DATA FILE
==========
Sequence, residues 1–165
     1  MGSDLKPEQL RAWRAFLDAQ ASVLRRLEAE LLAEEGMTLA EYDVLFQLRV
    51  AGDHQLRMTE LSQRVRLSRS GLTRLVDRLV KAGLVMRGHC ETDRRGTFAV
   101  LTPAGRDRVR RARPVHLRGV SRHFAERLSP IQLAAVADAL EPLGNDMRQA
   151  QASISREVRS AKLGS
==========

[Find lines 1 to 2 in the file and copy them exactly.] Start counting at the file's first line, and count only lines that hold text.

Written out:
Sequence, residues 1–165
     1  MGSDLKPEQL RAWRAFLDAQ ASVLRRLEAE LLAEEGMTLA EYDVLFQLRV